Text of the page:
“After two years of basic science courses, each of us was assigned to an internship. It was the first time I came in contact with the patients. A strong desire welled up within me to apply all the knowledge I had learned in class to patients. I did everything I could, learning about the patients’ medical histories and how their disease had developed; taking their blood for tests, and changing dressings of patients postoperatively. I carefully observed and recorded every small change each patient had.” From then on, Li’s holidays and weekends were occupied with doing daily medical rounds every morning, never missing a day. “I cannot say I did it voluntarily, or even willingly.It was just what a doctor should do. I learned this from my teacher,” Li said as he reflected over that period of his life.
Five years of college life passed by rapidly, and in December 1982, Li was assigned to the General Surgery Department of Beijing Chaoyang Hospital, where he picked up the scalpel starting his surgical career.
Dr. Li Ning (second from left) is awarded the Golden Lancet Award in December 2017 for being one of China’s most skilled surgeons.
A Perfectionist in His Work
During the first year of his surgical residency, Li spent 24 hours every day in the hospital to make sure he was present when needed. Every night at a fixed time, he would conduct his daily medical rounds and make detailed notes on the records of each patient. When emergencies occurred in the middle of the night, he was always present in the operations, carefully observing what the senior doctors did and the changes the patient experienced.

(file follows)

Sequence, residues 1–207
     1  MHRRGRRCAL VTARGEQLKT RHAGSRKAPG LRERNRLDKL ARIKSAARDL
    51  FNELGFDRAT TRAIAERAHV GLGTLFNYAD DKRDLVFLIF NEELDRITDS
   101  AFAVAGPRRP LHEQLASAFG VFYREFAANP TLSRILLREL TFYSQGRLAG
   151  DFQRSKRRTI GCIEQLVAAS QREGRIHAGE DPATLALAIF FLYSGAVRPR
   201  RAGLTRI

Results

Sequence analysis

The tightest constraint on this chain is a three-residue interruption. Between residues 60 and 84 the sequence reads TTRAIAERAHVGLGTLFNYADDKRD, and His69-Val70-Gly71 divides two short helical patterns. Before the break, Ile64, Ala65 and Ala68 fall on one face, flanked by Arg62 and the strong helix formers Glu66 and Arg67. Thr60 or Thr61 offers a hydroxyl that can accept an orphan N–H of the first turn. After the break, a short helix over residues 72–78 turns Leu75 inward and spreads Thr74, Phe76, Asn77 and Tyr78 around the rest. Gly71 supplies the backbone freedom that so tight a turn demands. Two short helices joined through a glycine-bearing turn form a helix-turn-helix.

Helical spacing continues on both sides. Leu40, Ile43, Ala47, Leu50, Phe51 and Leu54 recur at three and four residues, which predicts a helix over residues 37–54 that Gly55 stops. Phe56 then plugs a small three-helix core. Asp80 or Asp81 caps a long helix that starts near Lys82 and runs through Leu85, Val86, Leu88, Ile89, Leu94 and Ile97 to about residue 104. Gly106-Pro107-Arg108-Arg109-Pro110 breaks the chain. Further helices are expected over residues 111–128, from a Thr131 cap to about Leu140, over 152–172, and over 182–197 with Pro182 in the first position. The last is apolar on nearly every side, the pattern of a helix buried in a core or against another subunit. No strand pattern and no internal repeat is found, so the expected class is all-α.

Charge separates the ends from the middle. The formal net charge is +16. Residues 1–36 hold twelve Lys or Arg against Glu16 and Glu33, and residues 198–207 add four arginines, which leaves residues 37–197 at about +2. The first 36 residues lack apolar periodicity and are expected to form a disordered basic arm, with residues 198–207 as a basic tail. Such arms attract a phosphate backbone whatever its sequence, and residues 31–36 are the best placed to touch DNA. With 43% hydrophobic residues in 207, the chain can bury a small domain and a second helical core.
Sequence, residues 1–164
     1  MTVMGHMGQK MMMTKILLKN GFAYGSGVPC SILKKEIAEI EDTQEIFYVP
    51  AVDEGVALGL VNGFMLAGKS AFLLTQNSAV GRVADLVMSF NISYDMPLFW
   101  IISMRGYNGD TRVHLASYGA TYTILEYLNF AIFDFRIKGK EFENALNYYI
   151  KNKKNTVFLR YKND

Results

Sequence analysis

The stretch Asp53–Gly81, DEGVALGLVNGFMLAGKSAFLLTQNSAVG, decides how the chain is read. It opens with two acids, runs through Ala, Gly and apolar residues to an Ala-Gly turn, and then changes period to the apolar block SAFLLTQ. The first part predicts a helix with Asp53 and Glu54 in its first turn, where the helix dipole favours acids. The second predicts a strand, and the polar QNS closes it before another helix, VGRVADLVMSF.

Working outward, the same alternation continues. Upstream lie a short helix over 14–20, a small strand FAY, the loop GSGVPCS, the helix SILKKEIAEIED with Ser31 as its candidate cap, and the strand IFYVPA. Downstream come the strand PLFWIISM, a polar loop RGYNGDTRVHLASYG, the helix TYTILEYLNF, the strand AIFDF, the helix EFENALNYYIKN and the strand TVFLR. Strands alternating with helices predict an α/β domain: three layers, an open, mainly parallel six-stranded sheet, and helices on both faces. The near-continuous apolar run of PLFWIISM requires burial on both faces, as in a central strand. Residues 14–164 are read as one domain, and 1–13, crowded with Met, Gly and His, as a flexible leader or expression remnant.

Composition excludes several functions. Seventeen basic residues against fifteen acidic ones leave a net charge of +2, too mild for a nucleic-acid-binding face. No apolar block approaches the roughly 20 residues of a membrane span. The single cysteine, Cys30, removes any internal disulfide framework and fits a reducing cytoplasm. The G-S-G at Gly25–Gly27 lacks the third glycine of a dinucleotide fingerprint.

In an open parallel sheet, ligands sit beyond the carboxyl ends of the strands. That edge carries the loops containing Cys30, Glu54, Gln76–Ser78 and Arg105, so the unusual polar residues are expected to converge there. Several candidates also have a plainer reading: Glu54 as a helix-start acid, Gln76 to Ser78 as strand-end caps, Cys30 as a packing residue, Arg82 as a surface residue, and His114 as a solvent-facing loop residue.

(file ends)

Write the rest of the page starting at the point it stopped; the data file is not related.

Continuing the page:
Li is truly a perfectionist. For 30 years in a row, while ensuring each operation was successfully done, he also kept trying to increase the speed, in which they were completed. He set two surgical records when he was young: An appendectomy that took only seven minutes to complete and a hernia repair which took only 20 minutes. After each operation, Li always felt a sense of pride and satisfaction as a surgeon when he saw the grateful faces of the patients’ families.
In 1989, at the age of 33, Li was elected as the vice president of Beijing Chaoyang Hospital, the youngest vice president in charge of medical affairs in large general hospitals in China at that time. Young as he was, he was fully aware of the responsibilities that rested on his shoulders and fully committed to disciplinary construction and hospital development.